Dept. of Neighborhood Destruction: Parking Rules Division
Here’s the announcement from the LA City Planning Department of a public hearing at 2 p.m. Wednesday March 30 in City Hall Room 1010 of proposed changes to city parking requirements — rules changes that many in already dense neighborhoods see as yet another threat to the quality of their lives.(Modified Parking District.pdf)
notice is to inform
you of a public
hearing for case number
CPC-2007-2216-CA, a proposed
zoning code amendment that has been initiated by the Department of City Planning. All interested
invited to attend the public
hearing at which you may listen, speak, or submit written information relating to the environmental determination and the proposed project.Contact: Tom Rothmann, firstname.lastname@example.org, 213-978-1370
PROPOSED PROJECT: A proposed ordinance (Appendix B) amending Sections 12.04, 12.24, 12.32, and 13.16 of the Los Angeles Municipal Code (LAMC) to create a Modified Parking Requirement (MPR) District offering eight optional parking requirement modification tools including (1) change of use parking standards, (2) use of a new Parking Reduction Permit, (3) off-site parking within 1500 feet, (4) decreased parking requirements, (5) increased parking requirements, (6) commercial parking credits, (7) universal valet, and (8) municipal garage proximity relief; and create a Parking Reduction Permit to be used exclusively within the MPR District.
PURPOSE: The purpose of the hearing is to obtain testimony from affected and/or interested persons regarding this project. The hearing will be conducted by a Hearing Officer who will consider all the
testimony presented at that time and any written communication received prior to or at the hearing from affected and/or interested persons regarding this Project, as well as the merits of the proposed ordinance as it relates to existing environmental and land use regulations. The environmental document will be among the matters considered at the hearing. After the hearing, Code Studies staff will prepare a report, including a final recommendation, which will be considered by the City Planning Commission at a later date.
By SAM SPERLING, Tolucan Times
Tony Cardenas, opposed by six candidates, had
one huge advantage: He was running as an incumbent.
Angeles, members of the City Council are authorized to
hire a number of employees to help them with their work. These employees,
called Council Aides, are exempt from Civil Service. They’re appointed by the District
Council Member, who oversees their work, but who won’t tell anyone what Council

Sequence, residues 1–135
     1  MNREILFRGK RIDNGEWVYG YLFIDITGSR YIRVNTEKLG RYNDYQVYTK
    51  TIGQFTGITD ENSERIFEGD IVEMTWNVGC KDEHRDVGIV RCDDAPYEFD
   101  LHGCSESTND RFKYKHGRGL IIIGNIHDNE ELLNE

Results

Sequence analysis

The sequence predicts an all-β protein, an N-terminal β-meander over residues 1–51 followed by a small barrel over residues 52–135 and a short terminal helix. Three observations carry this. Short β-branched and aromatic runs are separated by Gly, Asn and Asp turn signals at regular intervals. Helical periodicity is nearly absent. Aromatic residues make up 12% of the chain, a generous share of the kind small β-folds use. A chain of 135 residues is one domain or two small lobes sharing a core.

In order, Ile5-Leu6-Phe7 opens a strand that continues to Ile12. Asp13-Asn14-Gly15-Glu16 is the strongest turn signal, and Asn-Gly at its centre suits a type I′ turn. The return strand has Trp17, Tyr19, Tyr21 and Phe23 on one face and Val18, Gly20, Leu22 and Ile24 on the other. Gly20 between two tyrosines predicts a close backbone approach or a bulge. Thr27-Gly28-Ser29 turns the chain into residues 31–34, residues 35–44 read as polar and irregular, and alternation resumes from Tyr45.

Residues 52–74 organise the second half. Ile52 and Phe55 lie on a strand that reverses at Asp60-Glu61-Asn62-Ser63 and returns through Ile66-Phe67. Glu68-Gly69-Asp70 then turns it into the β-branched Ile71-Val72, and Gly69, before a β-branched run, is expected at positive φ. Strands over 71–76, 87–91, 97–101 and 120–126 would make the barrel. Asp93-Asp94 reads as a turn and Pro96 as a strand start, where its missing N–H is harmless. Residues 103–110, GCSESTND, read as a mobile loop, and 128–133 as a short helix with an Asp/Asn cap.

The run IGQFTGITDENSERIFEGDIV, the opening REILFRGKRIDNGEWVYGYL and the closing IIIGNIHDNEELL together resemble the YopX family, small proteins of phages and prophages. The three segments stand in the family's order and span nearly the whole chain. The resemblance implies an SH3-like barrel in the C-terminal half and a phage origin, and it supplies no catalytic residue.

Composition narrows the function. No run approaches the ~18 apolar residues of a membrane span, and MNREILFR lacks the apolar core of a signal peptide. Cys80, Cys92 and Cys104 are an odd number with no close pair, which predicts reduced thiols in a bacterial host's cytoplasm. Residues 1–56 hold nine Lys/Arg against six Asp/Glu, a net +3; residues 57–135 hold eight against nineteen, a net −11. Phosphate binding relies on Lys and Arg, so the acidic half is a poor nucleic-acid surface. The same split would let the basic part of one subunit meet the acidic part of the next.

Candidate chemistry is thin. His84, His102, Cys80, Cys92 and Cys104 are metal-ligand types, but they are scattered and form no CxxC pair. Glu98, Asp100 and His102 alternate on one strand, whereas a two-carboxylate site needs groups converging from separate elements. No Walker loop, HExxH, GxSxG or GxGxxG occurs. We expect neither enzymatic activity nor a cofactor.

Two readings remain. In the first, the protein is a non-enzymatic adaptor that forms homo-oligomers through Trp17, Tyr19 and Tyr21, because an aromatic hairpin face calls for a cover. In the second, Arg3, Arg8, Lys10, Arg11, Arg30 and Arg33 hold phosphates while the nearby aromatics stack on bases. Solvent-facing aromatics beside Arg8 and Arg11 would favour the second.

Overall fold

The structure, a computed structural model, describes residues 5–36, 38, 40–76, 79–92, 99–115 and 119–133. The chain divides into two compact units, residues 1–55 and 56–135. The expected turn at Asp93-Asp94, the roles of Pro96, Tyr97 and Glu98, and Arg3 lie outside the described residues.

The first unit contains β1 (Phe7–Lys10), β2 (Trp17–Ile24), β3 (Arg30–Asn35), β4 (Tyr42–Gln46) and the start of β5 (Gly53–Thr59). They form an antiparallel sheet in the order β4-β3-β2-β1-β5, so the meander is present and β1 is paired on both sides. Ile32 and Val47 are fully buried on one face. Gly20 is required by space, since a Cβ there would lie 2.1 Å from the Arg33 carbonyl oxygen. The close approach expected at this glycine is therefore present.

Aides really do.
Councilman Cardenas currently employs 18
Aides. They may have been on his team since he was first elected to the
Council. And even if they didn’t get directly involved in the re-election
effort (an unverified assumption), Cardenas’
Aides did, in fact, give him an unfair advantage over the other candidates on
Over the years, Cardenas’ 18 Aides have served the residents
of the Sixth Council District. They’ve responded to requests from every
community, every neighborhood in the District. They’ve helped individuals and
families with various problems, large and small. And they’ve done all that on
behalf of the Councilman.
While it may not have been their primary
Aides helped him build a favorable image in the Sixth District. It inclined the
voters to support him, rather than any of his less well-known–but perhaps
To this point, my focus has been on one
unfair election in one Council District. But the problem is broader than that. It’s
reflected in the outcomes of at least two other elections in Council Districts,
where incumbents with virtually no record of significant accomplishments
retained their seats.
The truth is that the election of Council
Members is inherently unfair. It ensures that any challenger, no matter how well
qualified, will run as an under-dog. At the same time, Council elections almost
guarantee that any incumbent, no matter how undeserving, will have a huge advantage–his
own army of exempt Aides.
Ideally, Council elections in Los Angeles should give
all candidates a fair chance to communicate with the electorate. But if the
incumbent has 18 Council Aides to help him/her win voter approval, what chance
does any challenger really have?
Fort Villaraigosa: Angst in the ‘Hood
By JACK HUMPHREVILLE, City Watch LA On
February 2, the Mayor filed for a variance to the City’s bylaws to
construct a six foot wall around the front yard of Getty House, the
Official Mayoral Residence of Los Angeles. Located in the Windsor
Square Historic Preservation Overlay Zone, five miles west of City Hall,
this English Tudor style mansion is an important architectural and
cultural landmark in the City.
No wonder so many people throughout the
City are upset about the Mayor’s plan to turn Getty House into Fort
And residents of Windsor Square are vehemently opposed to
this “over-in-height” structure. It is inconsistent with the
neighborhood’s open front yards that create a “park like” setting for
this historic neighborhood which the residents have fought hard to
preserve over the years.